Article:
The broader market has whipsawed over the past five months. The S&P 500 posted one of its worst quarters and since the Great Depression with the index selling off 14% and erasing all of its gains from 2018. 2019 started on a high note for the S&P 500 with January posting a 7.9% gain, logging its best January in over 30 years. This was followed by continued strength in February, putting the index on its best footing since 1991 with a cumulative return of 11% year-to-date. In this article, I’ll be discussing how options trading can generate consistent premium income with a high-probability of success, regardless of the market backdrop. This is accomplished since options are a bet on where stocks won’t go, not where they will go. Following the options trading mechanics described in this article, my options-centric portfolio resulted in a total portfolio return of 4.2% against the S&P 500 return of -4.4% over the previous five months. This timeframe provided both bear and bull market conditions to demonstrate the effectiveness and resiliency of options trading while outperforming the broader index by a wide margin. This seesaw from a negative to a positive market backdrop provided unique opportunities to capitalize on options trading via capturing a higher percentage of premium income. In January and February, I was able to achieve a 98% options success rate by closing 46 out of 47 option contracts while leveraging cash-on-hand.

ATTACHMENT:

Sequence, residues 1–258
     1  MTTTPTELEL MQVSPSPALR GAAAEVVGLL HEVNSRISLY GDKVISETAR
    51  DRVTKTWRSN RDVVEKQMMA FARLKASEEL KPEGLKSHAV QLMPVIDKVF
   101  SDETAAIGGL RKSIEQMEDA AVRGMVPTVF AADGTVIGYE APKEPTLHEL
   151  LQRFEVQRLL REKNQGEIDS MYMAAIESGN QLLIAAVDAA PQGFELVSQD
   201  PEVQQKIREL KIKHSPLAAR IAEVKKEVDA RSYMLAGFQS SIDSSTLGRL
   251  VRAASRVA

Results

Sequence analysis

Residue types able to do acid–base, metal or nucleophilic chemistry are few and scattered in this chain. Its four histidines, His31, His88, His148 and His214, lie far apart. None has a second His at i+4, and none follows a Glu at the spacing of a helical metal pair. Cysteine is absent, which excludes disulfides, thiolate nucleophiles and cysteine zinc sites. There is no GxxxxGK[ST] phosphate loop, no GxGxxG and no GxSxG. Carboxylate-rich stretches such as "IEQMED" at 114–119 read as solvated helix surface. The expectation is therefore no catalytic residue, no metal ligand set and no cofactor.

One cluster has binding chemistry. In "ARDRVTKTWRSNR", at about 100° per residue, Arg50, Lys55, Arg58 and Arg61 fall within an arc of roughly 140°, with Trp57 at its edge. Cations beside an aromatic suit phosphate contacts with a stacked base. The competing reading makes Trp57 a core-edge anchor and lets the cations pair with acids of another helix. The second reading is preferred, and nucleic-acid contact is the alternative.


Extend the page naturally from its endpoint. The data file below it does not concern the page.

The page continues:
Options Crash Course
Options trading can be a fantastic avenue to mitigate risk, provide consistent income and hedge against market movements while maintaining cash-on-hand. Risk mitigation is particularly important given the market wide melt-down during Q4 of 2018 albeit the market has rebounded furiously thus far in 2019 through February. Maintaining liquidity via maintaining cash on hand to engage in covered put option selling is a great way to collect monthly income via premium selling. Heeding critical variables such as implied volatility, implied volatility percentile and probability, one can optimize option selling to yield a high probability win rate over the long term given enough trade occurrences. I demonstrated via empirical data how these critical elements translate from predictive high probability outcomes to reality. In the end, options are a bet on where the stock won’t go, not where it will go and collecting premium income throughout the process. These empirical data demonstrate that the probabilities play out given enough occurrences over time. Despite a small sample size (148 trades) in a period where the market seesawed from erasing all of its gains for 2018 to posting its best January/February since 1991, an 85% win rate was achieved while outperforming the broader market by a spread of 8 percentage points from October of 2018 through February of 2019 (S&P -4.4% vs. 4.2%).